63 percent of Pa. voters back tax on shale gas industry, poll finds
Gov.-elect Tom Corbett took a tough stand against any new taxes when campaigning, but many voters who agreed with him apparently did so with a caveat in mind.
Nearly two-thirds of Pennsylvania voters -- and more than half of registered Republicans -- say they support taxing the Marcellus shale gas industry, according to a statewide poll conducted for the Tribune-Review.
"I would say I agree with him on no tax on other things," said Ralph Harris, 71, a Philadelphia Republican. "On this one here, if he didn't put a tax on (Marcellus shale gas) I wouldn't be against him but I would be a little disappointed. It's funny: I don't want any taxes, but on that one there, I think they should tax something."
Support for some sort of tax on the Marcellus shale gas industry in Pennsylvania extends across the state and reaches into nearly every demographic group, according to the Susquehanna Polling & Research survey of 800 voters, conducted from Dec. 27 to Jan. 2. The poll's margin of error is 3.46 percent.
Among polled voters, 63 percent support a tax on natural gas drilling. Even within Corbett's party, 56 percent favor a tax.
Corbett remains opposed to new taxes or fees on the gas industry, spokesman Kevin Harley said. In a recent interview with the Trib, however, Corbett said he would consider any measures the Legislature approves to compensate communities for damage drillers cause.
Outgoing Democratic Gov. Ed Rendell, in a year-end interview with reporters Thursday, lamented the Legislature's failure to pass a shale tax last year. But he said he interprets statements made by Republican legislators and Corbett's transition team to mean the Legislature is "going to pass a fee ... to compensate local and county governments" where drilling occurs.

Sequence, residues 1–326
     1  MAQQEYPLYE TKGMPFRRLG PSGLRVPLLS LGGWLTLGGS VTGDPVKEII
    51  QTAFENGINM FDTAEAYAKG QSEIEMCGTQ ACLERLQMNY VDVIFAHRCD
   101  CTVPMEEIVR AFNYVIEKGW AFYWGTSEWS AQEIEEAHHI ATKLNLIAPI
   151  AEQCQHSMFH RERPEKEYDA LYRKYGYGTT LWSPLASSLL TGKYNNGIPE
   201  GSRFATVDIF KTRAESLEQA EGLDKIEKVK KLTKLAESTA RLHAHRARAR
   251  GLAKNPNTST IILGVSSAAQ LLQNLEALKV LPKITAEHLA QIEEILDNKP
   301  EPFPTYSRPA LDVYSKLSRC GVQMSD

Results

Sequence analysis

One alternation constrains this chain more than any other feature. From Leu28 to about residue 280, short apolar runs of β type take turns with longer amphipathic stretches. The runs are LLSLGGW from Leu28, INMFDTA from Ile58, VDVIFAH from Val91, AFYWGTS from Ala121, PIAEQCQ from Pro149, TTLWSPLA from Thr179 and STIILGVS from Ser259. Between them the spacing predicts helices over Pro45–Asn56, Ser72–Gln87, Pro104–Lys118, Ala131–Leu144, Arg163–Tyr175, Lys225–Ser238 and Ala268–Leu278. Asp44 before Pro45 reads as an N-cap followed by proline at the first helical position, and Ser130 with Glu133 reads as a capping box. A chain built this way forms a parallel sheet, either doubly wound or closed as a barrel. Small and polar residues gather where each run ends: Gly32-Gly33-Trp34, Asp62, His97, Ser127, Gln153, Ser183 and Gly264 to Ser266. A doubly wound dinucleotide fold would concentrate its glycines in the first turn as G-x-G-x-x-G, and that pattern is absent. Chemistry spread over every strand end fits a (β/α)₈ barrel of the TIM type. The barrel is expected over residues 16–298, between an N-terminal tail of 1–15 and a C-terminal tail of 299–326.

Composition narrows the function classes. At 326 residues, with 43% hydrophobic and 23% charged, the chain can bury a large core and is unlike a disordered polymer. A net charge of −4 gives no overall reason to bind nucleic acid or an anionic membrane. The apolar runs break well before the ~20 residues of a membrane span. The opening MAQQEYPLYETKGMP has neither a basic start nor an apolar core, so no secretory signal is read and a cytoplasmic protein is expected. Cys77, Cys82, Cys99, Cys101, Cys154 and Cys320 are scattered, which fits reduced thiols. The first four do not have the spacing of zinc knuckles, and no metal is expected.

Support for a gas tax is highest in areas where little or no drilling has occurred, such as the state's Northeastern counties and in Philadelphia and Allegheny County. Opposition is highest in the Northeast, which has not had significant drilling.
Sixty-two percent of voters in Southwestern counties and 57 percent in the Central counties -- where drilling has been common -- back a natural gas tax.
Lester Knox, 74, a Democrat, said he can look out the windows of his home in Dawson, Fayette County, and see a well pad on a neighbor's property. He said he does not receive royalty payments, but tolerates the nuisance of frequent truck traffic past his home. A tax, he said, would ensure everyone gets some benefit.
Mary Miriello, 60, a Monongahela Democrat, said her daughter's boyfriend just took a job in the Marcellus gas industry, but she thinks a gas tax could help the state budget without hurting the industry. She said she expects Corbett to change his mind to favor a tax once he realizes the extent of the state's problems.
Pennsylvania's projected budget deficit is $4 billion.
"With the revenue they're going to be earning on that gas, we should have a tax on it," said Dale Grimm, 66, a York County Republican who voted for Democrat Dan Onorato in the governor's race. "We tax everything else. This would be a good way to get the billions of dollars for the deficit we now face and it wouldn't hurt Pennsylvania citizens."
Not so fast, said Sherry Frei, 59, a DuBois Republican who opposes a gas tax. Frei contends that such a levy tax could have an negative impact on Pennsylvanians if it discourages the industry from growing here.
"We need to get more industry into the state," she said. "I don't know if they would go away, but it would make it more difficult."